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New high-powered camera aims to detect cancer

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Bay area surgeons are hoping that a specialized camera could help patients survive a deadly form of cancer by locating leftover cells that could allow the disease to return. (KGO-TV)

Bay area surgeons are hoping that a specialized camera could help patients survive a deadly form of cancer. The goal is to locate leftover cells that could allow the disease to return.

It's been a stressful journey for Shauna Sutton since being diagnosed with melanoma on her left arm. But after a surgery to remove it, she's hoping the worst is behind her. "Yes, they have gotten everything out of my arm, but they're going back into to do the margin of error to make sure," Shauna said.

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To narrow that margin of error, doctors at California Pacific Medical Center in San Francisco are injecting Shauna with radioactive particles. They're engineered to attach themselves to her lymph nodes where leftover cancer cells could be hiding. "The goal is to take out every possible
sentinel lymph node," said Stanley Leong, M.D., from the California Pacific Medical Center.

To locate the tiny lymph nodes, doctors plan to use use a new technology - a camera called Sentinella, that can literally see the radiation footprint now attached to the nodes.

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Before deploying the camera though, Leong uses the traditional method, a kind of medical Geiger counter. Its signal grows stronger when a probe gets close to a large sentinel node. But after removing the first node, the signal gets fainter and harder to gauge, and Leong says smaller nodes can go undetected. In general, it's pretty effective but if you have a few people hiding in the corner, it makes it more difficult. So we'll miss some of these lymph nodes," he said.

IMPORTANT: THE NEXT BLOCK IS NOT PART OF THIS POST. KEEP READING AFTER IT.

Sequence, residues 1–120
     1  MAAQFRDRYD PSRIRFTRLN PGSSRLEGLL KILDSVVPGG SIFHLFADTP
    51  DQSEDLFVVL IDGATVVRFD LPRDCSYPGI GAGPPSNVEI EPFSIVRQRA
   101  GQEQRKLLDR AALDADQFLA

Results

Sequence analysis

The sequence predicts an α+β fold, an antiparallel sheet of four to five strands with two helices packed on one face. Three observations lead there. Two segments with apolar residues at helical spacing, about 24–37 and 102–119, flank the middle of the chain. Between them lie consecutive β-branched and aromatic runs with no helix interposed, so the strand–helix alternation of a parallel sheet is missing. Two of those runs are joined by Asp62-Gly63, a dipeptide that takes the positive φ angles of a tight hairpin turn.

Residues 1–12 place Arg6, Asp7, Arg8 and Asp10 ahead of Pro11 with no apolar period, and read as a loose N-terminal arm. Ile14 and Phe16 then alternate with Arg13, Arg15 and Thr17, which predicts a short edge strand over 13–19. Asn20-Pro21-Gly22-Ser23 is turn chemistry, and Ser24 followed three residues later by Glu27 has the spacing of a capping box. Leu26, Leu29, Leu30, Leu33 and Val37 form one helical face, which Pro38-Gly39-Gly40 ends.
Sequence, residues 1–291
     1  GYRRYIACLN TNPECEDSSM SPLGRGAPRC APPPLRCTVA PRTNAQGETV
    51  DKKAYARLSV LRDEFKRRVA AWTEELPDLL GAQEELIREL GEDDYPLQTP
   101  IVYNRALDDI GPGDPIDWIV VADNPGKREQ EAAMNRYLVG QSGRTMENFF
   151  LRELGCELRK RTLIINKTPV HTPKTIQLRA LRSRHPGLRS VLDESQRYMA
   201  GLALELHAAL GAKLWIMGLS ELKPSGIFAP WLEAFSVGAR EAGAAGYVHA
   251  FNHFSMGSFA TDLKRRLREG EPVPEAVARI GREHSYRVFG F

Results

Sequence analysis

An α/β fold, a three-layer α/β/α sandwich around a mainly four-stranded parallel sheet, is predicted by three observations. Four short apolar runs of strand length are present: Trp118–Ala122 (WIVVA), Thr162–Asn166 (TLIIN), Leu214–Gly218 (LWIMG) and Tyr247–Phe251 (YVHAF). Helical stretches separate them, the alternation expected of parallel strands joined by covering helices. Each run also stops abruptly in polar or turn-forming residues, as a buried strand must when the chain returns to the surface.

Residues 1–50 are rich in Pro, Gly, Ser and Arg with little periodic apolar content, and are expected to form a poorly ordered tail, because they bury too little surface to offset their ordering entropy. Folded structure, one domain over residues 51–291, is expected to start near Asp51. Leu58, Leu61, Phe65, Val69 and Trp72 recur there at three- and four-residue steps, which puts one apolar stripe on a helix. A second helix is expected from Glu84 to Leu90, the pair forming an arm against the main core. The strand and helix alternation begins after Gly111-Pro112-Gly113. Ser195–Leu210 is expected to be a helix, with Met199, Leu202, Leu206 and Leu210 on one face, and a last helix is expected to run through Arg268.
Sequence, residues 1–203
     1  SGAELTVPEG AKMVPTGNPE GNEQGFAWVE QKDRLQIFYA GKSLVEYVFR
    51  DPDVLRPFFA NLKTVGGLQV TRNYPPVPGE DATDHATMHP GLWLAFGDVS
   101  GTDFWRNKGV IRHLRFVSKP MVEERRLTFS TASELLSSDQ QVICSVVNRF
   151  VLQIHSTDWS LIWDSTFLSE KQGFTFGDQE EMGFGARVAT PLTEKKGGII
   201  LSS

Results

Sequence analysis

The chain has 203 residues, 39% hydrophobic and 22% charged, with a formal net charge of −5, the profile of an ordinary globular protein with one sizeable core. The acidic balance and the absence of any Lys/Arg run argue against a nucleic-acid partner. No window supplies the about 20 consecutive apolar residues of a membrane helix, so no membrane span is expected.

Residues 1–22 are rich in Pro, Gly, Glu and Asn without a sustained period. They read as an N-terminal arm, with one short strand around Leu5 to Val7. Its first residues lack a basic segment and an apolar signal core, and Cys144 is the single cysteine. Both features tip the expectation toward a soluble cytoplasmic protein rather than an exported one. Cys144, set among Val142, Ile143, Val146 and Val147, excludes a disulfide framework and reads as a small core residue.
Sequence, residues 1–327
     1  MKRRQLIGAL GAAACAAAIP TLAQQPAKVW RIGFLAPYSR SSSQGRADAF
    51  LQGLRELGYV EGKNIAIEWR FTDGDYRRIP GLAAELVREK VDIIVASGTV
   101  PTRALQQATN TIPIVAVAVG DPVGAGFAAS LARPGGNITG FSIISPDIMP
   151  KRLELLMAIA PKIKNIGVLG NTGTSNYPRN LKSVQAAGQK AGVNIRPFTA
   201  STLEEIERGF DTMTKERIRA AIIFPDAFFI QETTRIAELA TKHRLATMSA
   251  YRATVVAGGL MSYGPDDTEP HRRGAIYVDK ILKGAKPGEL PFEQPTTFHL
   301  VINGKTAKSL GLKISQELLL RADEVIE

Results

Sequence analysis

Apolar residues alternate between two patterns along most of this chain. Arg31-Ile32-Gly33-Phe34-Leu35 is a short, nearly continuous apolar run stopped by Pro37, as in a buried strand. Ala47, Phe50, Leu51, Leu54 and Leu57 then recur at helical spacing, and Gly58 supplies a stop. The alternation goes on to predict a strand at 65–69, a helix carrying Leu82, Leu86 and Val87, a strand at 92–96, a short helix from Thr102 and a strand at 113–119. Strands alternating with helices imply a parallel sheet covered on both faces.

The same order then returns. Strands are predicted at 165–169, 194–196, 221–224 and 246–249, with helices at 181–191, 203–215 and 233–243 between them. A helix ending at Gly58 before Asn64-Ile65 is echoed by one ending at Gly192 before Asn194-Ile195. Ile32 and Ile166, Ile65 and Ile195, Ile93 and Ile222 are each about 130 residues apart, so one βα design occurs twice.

Over the course of the next half hour, Leong and his team re-scan the area with the Sentinella camera. With a series of scans, the camera ultimately uncovers two more sentinel lymph nodes. After they're removed, they'll be biopsied to see if there are any hidden cancer cells that could trigger recurrence. Results can range from follow up surgeries to the outcome Shauna is hoping for, peace of mind. "The doctor can go in and really make sure it's gone and not have to wonder if there's something left behind there, that's huge," Shauna said.

The effectiveness of the Sentinella camera is now the focus of a clinical trial being run through the California Pacific Medical Center Research Institute.

Click here for more information on the Sentinella camera.

Written and produced by Tim Didion.

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